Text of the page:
Sometimes, you just never know when someone will say something to brighten your everyday. That happened more than once during my recent tour of Jewnique, my solo show. In Calgary, Ottawa and Blue Mountain Resort, I met folks who saw my show and shared such glowing sentiments with me, it made up for the bubbling anxiety I felt in my chest each time I thought Oh boy, time to perform an hour of memorized spoken word for a room full of strangers.
One Ottawa man told me, “If I had you as a history teacher, I would’ve paid more attention in school.” Another woman told me, after my performance at the Calgary Jewish Book Festival, that what I was doing was remarkable, truly remarkable, and I should definitely bring Jewnique to the Fringe Festival (don’t worry, I’m on it). Several attendees told me it was impressive how I painted scenes so vivid, they forgot they were in a social hall and were transported to the scenes I painted in the show, such as Syria in the 70s, or a concentration camp, or a mikvah’s calm waters.
When I look back at the sparkling moments of my tour, those compliments shine bright, much like the kudos I heard when I debuted Jewnique in Toronto earlier this year. It’s not just the quick euphoria of an ego boost; to be validated by those who have no relationship to me beyond spending an hour watching me tell the story of my relationship to Judaism…I feel a great deal of nachas knowing my work has touched them in some way.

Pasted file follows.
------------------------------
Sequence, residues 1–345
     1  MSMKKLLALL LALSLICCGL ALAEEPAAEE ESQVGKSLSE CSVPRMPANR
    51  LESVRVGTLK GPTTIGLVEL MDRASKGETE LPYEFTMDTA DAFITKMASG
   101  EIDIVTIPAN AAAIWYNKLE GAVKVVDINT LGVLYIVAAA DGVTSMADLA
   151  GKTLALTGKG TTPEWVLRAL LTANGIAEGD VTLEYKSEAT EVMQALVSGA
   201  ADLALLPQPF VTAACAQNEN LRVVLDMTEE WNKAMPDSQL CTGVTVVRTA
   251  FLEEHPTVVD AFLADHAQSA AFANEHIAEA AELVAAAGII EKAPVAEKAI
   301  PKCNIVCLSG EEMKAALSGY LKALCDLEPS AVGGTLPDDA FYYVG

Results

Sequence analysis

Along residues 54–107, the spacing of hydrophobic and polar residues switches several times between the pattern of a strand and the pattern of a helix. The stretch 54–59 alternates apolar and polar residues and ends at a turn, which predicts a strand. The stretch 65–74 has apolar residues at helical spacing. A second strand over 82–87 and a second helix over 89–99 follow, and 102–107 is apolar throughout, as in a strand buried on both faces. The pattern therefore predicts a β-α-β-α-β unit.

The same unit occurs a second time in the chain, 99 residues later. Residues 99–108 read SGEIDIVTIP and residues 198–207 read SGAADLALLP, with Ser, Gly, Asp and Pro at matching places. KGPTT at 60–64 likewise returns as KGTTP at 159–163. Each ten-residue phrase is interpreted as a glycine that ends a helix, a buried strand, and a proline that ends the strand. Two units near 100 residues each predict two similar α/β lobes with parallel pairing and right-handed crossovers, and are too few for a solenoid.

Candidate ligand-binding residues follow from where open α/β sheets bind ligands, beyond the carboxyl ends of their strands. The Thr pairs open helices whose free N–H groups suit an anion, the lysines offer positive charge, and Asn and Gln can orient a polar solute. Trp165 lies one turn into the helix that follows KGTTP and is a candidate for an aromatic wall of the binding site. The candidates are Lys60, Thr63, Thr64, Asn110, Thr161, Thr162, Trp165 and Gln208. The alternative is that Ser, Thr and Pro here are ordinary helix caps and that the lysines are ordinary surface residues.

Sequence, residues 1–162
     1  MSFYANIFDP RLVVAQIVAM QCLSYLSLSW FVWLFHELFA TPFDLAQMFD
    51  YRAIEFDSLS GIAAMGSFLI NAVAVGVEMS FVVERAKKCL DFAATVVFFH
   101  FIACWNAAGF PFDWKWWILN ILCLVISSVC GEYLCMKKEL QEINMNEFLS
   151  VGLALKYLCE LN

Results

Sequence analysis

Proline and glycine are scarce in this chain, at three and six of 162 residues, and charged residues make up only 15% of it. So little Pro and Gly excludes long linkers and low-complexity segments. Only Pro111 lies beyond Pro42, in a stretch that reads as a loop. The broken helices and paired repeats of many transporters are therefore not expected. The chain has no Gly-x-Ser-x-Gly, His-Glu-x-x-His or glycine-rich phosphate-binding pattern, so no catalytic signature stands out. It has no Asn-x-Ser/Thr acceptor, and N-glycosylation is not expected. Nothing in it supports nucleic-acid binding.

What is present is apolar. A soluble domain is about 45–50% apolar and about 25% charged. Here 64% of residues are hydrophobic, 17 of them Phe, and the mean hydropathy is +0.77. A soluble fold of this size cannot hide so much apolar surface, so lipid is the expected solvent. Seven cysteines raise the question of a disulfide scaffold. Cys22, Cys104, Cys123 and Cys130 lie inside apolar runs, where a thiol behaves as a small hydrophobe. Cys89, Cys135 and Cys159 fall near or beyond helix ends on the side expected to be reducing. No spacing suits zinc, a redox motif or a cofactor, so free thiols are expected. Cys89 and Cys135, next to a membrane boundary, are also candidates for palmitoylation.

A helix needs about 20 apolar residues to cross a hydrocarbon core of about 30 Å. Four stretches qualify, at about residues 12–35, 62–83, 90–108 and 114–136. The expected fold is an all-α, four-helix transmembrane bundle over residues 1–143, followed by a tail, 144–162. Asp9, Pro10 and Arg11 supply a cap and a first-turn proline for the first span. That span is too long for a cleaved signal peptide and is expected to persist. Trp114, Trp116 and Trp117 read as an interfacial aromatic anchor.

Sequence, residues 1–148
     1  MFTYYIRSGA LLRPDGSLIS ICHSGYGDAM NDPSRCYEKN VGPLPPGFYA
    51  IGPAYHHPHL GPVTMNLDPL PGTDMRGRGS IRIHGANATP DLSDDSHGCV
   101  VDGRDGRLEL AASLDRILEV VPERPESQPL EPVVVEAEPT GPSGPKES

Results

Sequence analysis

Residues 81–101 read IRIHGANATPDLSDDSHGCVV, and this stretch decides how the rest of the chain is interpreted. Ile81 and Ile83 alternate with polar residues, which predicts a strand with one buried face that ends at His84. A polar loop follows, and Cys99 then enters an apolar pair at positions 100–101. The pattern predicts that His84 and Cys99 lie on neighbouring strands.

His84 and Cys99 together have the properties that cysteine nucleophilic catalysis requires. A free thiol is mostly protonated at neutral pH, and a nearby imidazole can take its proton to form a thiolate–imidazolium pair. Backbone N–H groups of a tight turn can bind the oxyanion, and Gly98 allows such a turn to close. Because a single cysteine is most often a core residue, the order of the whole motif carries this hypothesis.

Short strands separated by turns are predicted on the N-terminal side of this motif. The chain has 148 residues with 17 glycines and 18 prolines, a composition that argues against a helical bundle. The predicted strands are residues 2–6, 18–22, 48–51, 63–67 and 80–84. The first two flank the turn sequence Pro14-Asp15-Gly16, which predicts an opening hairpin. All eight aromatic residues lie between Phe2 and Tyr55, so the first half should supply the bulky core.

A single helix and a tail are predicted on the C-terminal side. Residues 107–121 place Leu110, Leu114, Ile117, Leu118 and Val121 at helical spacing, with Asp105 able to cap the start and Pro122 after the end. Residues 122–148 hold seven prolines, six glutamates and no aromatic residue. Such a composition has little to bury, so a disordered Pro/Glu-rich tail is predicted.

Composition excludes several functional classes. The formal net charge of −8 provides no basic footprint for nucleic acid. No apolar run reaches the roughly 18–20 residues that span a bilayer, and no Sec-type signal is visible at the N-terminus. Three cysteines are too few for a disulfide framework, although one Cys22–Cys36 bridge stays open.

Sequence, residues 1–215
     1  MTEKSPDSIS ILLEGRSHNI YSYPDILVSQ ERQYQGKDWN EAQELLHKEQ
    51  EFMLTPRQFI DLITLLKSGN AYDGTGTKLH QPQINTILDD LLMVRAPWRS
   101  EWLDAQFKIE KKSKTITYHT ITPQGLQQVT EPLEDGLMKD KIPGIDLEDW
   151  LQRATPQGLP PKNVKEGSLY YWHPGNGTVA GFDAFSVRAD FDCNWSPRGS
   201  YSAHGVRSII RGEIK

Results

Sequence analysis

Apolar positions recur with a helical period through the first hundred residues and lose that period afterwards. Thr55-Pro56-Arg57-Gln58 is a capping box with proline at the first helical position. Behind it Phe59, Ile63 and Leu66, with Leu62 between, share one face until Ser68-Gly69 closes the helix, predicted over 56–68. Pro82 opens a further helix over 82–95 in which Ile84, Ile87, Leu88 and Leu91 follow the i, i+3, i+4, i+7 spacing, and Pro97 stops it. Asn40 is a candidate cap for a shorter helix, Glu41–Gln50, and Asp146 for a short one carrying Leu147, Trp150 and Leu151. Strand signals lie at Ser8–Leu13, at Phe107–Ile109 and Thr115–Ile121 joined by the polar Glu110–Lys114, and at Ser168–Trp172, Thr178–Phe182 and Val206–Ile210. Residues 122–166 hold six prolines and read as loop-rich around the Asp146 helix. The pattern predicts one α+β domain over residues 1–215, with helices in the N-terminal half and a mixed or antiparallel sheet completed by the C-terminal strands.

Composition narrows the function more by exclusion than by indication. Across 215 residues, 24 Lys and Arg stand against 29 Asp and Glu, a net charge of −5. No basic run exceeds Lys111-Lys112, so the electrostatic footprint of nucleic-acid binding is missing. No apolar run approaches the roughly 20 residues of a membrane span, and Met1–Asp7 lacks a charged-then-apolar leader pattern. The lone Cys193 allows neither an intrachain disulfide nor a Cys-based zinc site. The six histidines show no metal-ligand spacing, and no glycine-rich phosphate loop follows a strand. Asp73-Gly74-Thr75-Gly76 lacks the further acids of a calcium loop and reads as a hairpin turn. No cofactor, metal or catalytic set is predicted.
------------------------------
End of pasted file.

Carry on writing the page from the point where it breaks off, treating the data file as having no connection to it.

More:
And it’s a great feeling to know I’ve accomplished what I set out to do: Create a piece of art I can be proud of, from its first-draft iteration in May to the final touches I gave it in October. While I’ve always admired the journalistic work I’ve done, for a long time I never felt that same glow around some of poetry work (even though I created little new work in the past six years, due to the heavy obligations of running Toronto Poetry Slam and an online news network).
Now with Jewnique, and the kind words bestowed upon me by strangers, I feel a deeper confidence in creating theatre work I’m excited to stage for more audiences. Jewnique is just the beginning and rest assured I’ll be leaping back on stages to see what else is burning inside me that deserves to taste air.
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Media criticism. Poetry. Creativity. Toronto. Technology. Travel. Sports. Why X-Files rocks.